SCE&G and VC Summer: By the numbers
The lead contractor of South Carolina’s failed, $9 billion nuclear power project has filed a lawsuit accusing Santee Cooper of thwarting efforts to sell “tens of millions of dollars” in equipment and parts left at the construction site.
Proceeds from the equipment sales could help pay down Santee Cooper’s $4 billion nuclear debt, saving the state-owned utility’s ratepayers money.
But Santee Cooper won’t agree to a sale because it doesn’t want to share the profits with Pennsylvania-based Westinghouse Electric Company, the nuclear construction company argued in a lawsuit filed late Friday.
The situation is urgent, Westinghouse argues, because there is a limited market for the nuclear parts and because Georgia-based Southern Company — in the midst of building its own nuclear power plant — has made a multimillion-dollar offer that expires in two weeks.
The companies already have missed out on an $8 million equipment sale to Southern Co. because Santee Cooper wouldn’t cooperate, Westinghouse attorneys wrote in the lawsuit.
“As each day passes, given the limited market of potential buyers, (Westinghouse) loses sale opportunities and the value” of the equipment declines, Westinghouse wrote.
Efforts to reach Santee Cooper for comment late Friday were unsuccessful. Southern Co. declined to comment.
“Another day, another surprise from Santee Cooper executives,” said Brian Symmes, spokesman for Gov. Henry McMaster, who has pushed S.C. lawmakers to sell the state-owned utility since the V.C. Summer project collapsed. “The governor is certain the General Assembly will take this news into consideration as they debate the future of Santee Cooper.”
Santee Cooper and Westinghouse have been in a weeks-long dispute over who owns the equipment left at the abandoned V.C. Summer Nuclear Station construction site in Fairfield County. SCE&G, meanwhile, already gave up its ownership stake to the site in order to claim hundreds of millions of dollars in tax credits.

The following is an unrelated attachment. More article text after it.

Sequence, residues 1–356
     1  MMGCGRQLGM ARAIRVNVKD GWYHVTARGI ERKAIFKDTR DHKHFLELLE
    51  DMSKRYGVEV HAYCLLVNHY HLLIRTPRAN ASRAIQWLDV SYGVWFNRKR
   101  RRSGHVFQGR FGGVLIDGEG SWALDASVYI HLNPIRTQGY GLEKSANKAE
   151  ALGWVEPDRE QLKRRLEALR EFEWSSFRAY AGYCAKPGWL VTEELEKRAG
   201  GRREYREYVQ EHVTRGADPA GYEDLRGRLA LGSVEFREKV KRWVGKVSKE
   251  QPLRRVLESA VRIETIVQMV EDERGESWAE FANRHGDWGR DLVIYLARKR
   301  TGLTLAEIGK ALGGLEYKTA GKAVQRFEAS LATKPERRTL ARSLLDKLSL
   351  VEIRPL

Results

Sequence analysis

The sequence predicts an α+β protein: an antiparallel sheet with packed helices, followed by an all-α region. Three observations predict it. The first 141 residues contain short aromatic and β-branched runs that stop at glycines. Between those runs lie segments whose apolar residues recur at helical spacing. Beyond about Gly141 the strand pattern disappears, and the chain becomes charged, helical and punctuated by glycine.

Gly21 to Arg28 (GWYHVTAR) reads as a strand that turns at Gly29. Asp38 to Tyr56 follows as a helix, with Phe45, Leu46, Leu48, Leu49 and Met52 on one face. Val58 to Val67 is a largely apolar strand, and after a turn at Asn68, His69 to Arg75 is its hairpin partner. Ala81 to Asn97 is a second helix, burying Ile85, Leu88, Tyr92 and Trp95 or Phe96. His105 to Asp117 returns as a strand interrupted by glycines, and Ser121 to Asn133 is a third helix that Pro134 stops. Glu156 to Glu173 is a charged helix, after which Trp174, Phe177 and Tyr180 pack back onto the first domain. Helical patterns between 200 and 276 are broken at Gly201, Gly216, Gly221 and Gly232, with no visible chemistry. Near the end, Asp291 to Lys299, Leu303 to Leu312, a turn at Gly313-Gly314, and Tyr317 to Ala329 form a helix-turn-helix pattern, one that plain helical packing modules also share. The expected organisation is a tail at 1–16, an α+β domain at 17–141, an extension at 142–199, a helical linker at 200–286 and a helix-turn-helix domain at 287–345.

Santee Cooper executives have said publicly Santee Cooper owns the entire site and all the nuclear parts, construction equipment and materials left there when it and investor-owned SCE&G quit the decade-long V.C. Summer expansion project in July 2017. The company has said it wants to sell the leftover V.C. Summer equipment to help pay off its debt.
That includes major equipment such as steam generators, reactor coolant pumps, turbines, and cooling towers as well as basic materials such as rebar, pipes and cables.
Westinghouse disagrees, saying Santee Cooper had not completely paid Westinghouse for all the equipment on the site. Westinghouse has not disclosed how much of the equipment it claims to own.
Westinghouse and Santee Cooper have a rocky history. Over the course of the V.C. Summer project, Santee Cooper and SCE&G executives regularly complained about Westinghouse’s performance in building the project, including missed deadlines, cost overruns and shoddy engineering designs.
When Westinghouse declared for bankruptcy in March 2017, it all but spelled doom for the V.C. Summer expansion.
In addition to higher electric rates, the project’s failure prompted the departures of Santee Cooper’s former CEO and board chairman and has led the General Assembly to debate selling the 85-year-old utility, which supplies power to 2 million South Carolinians.
In its lawsuit, Westinghouse stated it contacted Santee Cooper about its claim to the site’s equipment in February 2018, then again on March 1, 2019. Westinghouse argues Santee Cooper only last month began taking the position it owns the entire site and all the equipment.
Meanwhile, Santee Cooper won’t give Westinghouse access to the V.C. Summer site or equipment, according to the lawsuit.
In a statement to The State, Westinghouse said its familiarity with the equipment and experience in the nuclear field make it “uniquely positioned to sell these assets.”
The lawsuit is necessary “so as to not lose this opportunity and to maximize the value of the assets,” the company said.
Southern Co.’s latest offer for some of the V.C. Summer equipment is worth “tens of millions of dollars,” Westinghouse wrote in the lawsuit, but the Georgia-based power giant is moving forward with its own nuclear project and wants to know by April 17 if it can purchase the leftover V.C. Summer equipment.
Westinghouse has suggested selling the equipment now and putting the proceeds into a bank account until Westinghouse and Santee Cooper resolve their fight over who gets the money.